Hipsters across the pond are currently mourning the loss of NME Radio. The Guardian has reported that DX Media the company that launched the station in 2008 has decided to pull the plug on all digital radio and television broadcasts. Users will still be able to access NME Radio online, but the web-only version will lose the human touch since MediaWeek also reports that broadcasts will be fully automated.
The news comes just a week shy of the stations second anniversary; it is especially surprising since numbers for the first quarter of 2010 indicate a 27.7 percent increase in listeners from 2009. RAJAR (the UKs Arbitron) figures show that NME radio averaged almost 225,000 listeners weekly, and IPC Media who publish NME weekly report that the website was raking in over 4.2 million unique users every month.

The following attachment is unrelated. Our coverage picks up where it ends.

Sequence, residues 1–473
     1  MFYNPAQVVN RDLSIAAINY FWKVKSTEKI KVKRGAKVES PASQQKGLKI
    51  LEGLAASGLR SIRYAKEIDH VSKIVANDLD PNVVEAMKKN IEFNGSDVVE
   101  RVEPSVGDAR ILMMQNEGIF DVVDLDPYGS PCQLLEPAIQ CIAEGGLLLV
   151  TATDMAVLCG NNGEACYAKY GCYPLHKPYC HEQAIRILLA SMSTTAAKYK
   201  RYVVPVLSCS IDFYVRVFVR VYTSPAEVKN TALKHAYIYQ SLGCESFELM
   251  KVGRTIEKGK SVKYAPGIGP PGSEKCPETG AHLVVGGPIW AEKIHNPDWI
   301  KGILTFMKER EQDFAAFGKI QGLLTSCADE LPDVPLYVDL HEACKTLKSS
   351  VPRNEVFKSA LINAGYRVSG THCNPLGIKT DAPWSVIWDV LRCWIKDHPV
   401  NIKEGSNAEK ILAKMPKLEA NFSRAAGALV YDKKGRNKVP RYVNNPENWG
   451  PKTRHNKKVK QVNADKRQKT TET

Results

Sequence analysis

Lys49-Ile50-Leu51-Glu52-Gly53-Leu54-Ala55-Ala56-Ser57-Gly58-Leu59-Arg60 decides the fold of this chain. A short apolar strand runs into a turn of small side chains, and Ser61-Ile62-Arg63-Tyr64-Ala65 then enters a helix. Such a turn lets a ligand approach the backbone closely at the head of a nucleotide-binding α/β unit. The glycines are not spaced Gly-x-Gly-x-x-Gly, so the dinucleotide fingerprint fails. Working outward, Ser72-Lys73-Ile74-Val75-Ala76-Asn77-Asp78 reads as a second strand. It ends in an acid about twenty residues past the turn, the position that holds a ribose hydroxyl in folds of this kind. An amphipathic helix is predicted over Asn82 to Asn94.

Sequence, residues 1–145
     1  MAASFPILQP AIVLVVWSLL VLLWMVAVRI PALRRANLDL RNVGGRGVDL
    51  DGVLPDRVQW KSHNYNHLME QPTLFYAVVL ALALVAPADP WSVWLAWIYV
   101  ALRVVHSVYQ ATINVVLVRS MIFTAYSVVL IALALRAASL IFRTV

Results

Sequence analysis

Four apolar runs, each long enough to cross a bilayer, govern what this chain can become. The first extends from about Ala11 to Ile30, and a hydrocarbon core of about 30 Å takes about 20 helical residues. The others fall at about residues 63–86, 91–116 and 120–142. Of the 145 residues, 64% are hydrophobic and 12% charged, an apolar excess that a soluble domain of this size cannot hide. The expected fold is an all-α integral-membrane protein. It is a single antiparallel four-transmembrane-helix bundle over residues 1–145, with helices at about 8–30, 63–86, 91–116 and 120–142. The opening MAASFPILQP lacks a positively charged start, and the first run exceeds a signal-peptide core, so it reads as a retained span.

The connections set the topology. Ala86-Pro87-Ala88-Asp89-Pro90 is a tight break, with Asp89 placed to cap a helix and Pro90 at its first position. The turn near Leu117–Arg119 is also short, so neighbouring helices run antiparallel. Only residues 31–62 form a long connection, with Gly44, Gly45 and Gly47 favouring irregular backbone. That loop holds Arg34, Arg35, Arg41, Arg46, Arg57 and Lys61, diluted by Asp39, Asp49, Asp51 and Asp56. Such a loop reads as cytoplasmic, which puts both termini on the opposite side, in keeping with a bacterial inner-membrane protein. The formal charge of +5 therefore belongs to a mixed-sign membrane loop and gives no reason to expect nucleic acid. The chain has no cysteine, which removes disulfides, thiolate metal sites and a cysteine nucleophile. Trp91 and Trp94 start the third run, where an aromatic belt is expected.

To a make matters worse, the station was poised to be in a good position if rumors regarding the termination of the BBCs 6 Music which also operated in the modern rock/alternative format actually came to fruition. NME had just received a Sony Radio Academy Award in May for The Best Use of Branded Content and was set to make a big splash in its advertising revenue.
Matthew Landeman, board director at independent ad agency Carat told MediaWeek that NMEs departure was a shame. Especially as they have done work that would warrant advertisers showing them some attention. NME offered advertisers a proper integrated partnership. He also weighed in on what actually brought the promising station down.
“What NME Radio didn’t have was scale, and the leverage which comes with that, he said, but still I’d like to think that they could have found a business model that would work for them.”
Despite all NME Radio couldve been, Paul Cheal publishing director for NME has no ill feelings and is looking to the road ahead.
We have enjoyed a great working relationship with DX Media, Cheal told the BBC, we will continue to develop ways in which NMEs audience can engage with both audio and visual content utilizing our in-house studio facilities while maintaining an online music service via NME.com